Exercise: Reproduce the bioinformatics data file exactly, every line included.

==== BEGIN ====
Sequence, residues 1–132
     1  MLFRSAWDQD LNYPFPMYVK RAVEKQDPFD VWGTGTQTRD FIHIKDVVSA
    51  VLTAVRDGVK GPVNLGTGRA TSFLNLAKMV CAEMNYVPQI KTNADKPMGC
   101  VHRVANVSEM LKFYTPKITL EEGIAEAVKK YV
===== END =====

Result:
Sequence, residues 1–132
     1  MLFRSAWDQD LNYPFPMYVK RAVEKQDPFD VWGTGTQTRD FIHIKDVVSA
    51  VLTAVRDGVK GPVNLGTGRA TSFLNLAKMV CAEMNYVPQI KTNADKPMGC
   101  VHRVANVSEM LKFYTPKITL EEGIAEAVKK YV